FDA probes illegal sale of handheld dental X-ray devices

Agency alerts dentists, veterinarians to dangers of unregulated units

February 10, 2012 (published)
By Jennifer Fiala

Photo courtesy of Dr. Jan Bellows
Handheld dental X-ray equipment approved by the FDA must bear a seal of approval. The label featured above appears on a handheld unit owned by Dr. Jan Bellows, a veterinary dentist in Weston, Fla. The FDA did not immediately confirm that this is the type of label required to denote the agency's approval, nor did it provide an example of one to the VIN News Service.
Handheld dental X-ray units that do not bear the U.S. Food and Drug Administration’s (FDA) seal of approval could be emitting dangerous levels of radiation, especially if they are purchased online from overseas manufacturers or distributors.

The FDA issued that warning today to veterinarians and dentists — medical professionals most likely to purchase and use the small, portable devices intended for dental X-ray examinations. 

The FDA is investigating problems with handheld X-ray devices after the Washington State Department of Health alerted the agency that tests on a device purchased online did not meet the FDA’s performance standards. FDA officials did not name manufacturers or distributors implicated in its investigation but shared concerns that unregulated devices could expose patients to potentially harmful X-rays.

“The units, sold online by manufacturers outside the United States and directly shipped to U.S. customers, have not been reviewed by the FDA and do not meet FDA radiation safety requirements,” the FDA said in a news release. “… To date, no adverse events have been reported.”

All units that have been cleared by the FDA bear a permanent certification label, warning label and identification tag, the agency said. “Health care professionals using these devices should verify they are purchasing and using those that have been reviewed and tested to meet the FDA’s standards,” said Steve Silverman, director of the Office of Compliance in the FDA’s Center for Devices and Radiological Health, in the FDA news release.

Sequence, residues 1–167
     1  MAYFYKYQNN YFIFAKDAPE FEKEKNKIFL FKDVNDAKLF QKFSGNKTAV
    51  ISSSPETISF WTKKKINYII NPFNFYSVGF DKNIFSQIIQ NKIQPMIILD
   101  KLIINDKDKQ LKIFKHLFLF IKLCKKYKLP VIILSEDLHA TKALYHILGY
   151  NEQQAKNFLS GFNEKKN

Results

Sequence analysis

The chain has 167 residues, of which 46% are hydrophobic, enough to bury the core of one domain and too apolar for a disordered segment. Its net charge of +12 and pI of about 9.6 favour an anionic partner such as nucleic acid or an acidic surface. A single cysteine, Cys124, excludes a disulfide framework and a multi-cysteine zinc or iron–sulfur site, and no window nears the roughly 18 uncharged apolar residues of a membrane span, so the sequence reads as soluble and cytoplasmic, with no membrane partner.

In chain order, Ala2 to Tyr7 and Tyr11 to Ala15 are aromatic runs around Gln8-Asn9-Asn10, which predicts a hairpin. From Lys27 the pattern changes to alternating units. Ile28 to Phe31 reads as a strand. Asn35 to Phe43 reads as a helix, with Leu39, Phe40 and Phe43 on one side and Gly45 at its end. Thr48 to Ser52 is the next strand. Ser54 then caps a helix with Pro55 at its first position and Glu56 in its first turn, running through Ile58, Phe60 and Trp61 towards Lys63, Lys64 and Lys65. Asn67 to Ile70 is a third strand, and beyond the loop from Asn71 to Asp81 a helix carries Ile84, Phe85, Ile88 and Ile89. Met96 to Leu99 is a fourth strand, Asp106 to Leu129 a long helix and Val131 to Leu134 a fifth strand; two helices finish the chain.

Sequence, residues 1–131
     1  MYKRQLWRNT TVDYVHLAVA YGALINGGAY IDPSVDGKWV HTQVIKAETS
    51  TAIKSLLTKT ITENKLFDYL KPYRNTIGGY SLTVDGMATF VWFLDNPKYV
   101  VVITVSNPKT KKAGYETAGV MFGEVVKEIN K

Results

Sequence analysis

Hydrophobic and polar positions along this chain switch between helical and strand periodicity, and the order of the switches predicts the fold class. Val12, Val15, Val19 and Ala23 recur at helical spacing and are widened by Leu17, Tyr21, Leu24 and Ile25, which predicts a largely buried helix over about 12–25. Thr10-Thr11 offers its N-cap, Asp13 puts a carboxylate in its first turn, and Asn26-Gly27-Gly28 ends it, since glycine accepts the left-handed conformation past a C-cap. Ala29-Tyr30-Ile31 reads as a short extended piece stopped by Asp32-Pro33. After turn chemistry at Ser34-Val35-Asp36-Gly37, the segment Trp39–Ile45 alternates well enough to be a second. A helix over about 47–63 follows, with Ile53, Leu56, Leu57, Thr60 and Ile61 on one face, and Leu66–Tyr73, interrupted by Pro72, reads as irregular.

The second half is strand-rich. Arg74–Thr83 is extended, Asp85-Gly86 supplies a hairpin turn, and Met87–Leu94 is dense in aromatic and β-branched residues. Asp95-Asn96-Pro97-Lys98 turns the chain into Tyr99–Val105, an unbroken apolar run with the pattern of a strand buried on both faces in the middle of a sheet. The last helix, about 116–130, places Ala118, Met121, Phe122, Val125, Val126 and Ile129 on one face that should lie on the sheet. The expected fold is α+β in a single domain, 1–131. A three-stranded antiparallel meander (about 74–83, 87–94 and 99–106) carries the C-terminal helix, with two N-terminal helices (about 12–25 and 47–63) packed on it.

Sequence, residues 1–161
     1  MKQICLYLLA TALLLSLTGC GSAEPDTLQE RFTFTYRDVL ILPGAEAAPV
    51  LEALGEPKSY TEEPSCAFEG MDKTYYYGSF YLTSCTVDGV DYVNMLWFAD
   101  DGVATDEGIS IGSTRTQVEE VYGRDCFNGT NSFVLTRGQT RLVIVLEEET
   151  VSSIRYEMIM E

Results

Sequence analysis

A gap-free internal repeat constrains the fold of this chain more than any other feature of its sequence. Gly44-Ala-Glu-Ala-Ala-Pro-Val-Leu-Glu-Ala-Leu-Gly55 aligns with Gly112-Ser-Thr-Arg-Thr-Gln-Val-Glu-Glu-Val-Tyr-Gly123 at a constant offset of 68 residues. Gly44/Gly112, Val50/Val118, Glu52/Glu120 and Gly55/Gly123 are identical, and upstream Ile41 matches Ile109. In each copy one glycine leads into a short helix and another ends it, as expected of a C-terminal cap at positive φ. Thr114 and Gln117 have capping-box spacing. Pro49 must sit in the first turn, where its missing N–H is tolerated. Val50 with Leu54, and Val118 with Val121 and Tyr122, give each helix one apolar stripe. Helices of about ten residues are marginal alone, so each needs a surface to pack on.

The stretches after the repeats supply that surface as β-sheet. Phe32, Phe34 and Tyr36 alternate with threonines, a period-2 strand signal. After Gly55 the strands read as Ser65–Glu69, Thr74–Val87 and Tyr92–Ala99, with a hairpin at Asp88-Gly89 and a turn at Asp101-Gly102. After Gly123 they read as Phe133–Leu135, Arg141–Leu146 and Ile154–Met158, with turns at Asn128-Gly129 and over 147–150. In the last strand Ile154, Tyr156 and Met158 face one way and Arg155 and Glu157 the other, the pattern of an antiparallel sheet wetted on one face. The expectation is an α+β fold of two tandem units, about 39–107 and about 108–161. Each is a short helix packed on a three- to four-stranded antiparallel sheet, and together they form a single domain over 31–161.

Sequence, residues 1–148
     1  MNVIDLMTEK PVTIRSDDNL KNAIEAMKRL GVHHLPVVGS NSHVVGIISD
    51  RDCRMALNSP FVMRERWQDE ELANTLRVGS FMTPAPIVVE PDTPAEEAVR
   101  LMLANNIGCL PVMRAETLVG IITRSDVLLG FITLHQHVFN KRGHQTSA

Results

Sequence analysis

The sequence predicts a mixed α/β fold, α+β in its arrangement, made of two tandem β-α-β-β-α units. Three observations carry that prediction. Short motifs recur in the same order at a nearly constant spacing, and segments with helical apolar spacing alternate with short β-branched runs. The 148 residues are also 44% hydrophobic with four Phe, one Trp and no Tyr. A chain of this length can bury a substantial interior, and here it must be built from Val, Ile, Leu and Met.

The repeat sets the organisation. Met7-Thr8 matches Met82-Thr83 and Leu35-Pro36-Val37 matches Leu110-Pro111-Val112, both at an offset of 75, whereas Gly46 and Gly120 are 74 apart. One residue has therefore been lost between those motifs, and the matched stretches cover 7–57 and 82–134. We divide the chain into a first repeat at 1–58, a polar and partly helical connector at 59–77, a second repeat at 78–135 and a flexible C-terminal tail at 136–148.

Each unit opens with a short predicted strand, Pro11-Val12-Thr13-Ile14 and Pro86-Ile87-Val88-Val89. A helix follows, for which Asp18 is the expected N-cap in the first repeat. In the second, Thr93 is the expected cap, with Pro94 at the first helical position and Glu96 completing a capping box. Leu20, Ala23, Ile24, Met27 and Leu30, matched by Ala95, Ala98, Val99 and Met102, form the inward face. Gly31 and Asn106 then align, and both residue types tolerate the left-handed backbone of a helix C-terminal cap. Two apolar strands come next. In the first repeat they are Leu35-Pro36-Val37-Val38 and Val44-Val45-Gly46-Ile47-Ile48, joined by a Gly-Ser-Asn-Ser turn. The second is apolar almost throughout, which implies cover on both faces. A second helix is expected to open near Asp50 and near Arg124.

The FDA recommends that users:

  • Verify the presence of required labels on the device.
  • Ask vendors whether the device has been reviewed and cleared by the FDA.
  • Access the FDA Medical Device Approvals and Clearances searchable database to verify that the FDA has cleared an X-ray unit.
  • Contact their state regulatory agency if they become aware of a device that may be hazardous or does not meet the FDA’s requirements.

Dr. Jan Bellows is one of 114 board-certified veterinary dentists and practices in Weston, Fla. He estimates that 20 to 30 percent of veterinary practices do intraoral radiology, the vast majority using stationary units. 

Of those with handheld devices, he puts the number at 1 percent. “It’s not very common,” Bellows asserted, noting that he has three handheld units in his practice.

Photo courtesy of Aribex, Inc.
Labels on the Nomad Pro, a popular handheld X-ray device manufactured by Aribex, Inc., do not include the FDA's logo. According to Abexis officials, regulatory approval is outlined at the bottom of the label where it states that the Nomad Pro is "designed and manufactured" in conformance with International Electrotechnical Commission (IEC) standards.
Just one bears the FDA logo on its label, he said. The two units without the FDA logo are Nomads, a brand of handheld X-ray equipment that widely is used in human dentistry and manufactured by Utah-based Aribex, Inc., Bellows said. 

According to FDA documents, regulators deemed Nomad portable X-ray systems to be "safe and effective." The agency did not provide the VIN News Service with an example of how its approval should appear on labels affixed to X-ray equipment.

Ken Kaufman, president of Aribex, said that the company's equipment comes with the appropriate label, which states in fine print that each unit is compliant with federal regulations. "When devices leave our facility they are labeled according to FDA requirements," he said. "It is part of our inspection process."

When asked what veterinarians should do in cases where the devices they use do not bear labels, the FDA relayed that it is the responsibility of each manufacturer to include FDA labels on their units if they're approved by the agency.

For veterinarians,the bottom line is to follow the suggestions laid out in the (news release) to make sure the device purchased and used is FDA-cleared,” a FDA media official said.

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